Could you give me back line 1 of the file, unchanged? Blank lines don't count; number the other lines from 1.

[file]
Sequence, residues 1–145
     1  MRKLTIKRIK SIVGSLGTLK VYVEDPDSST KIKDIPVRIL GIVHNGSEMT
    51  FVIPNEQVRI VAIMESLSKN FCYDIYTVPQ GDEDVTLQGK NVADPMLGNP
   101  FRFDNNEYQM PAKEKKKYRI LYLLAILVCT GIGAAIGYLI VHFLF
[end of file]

Sequence, residues 1–145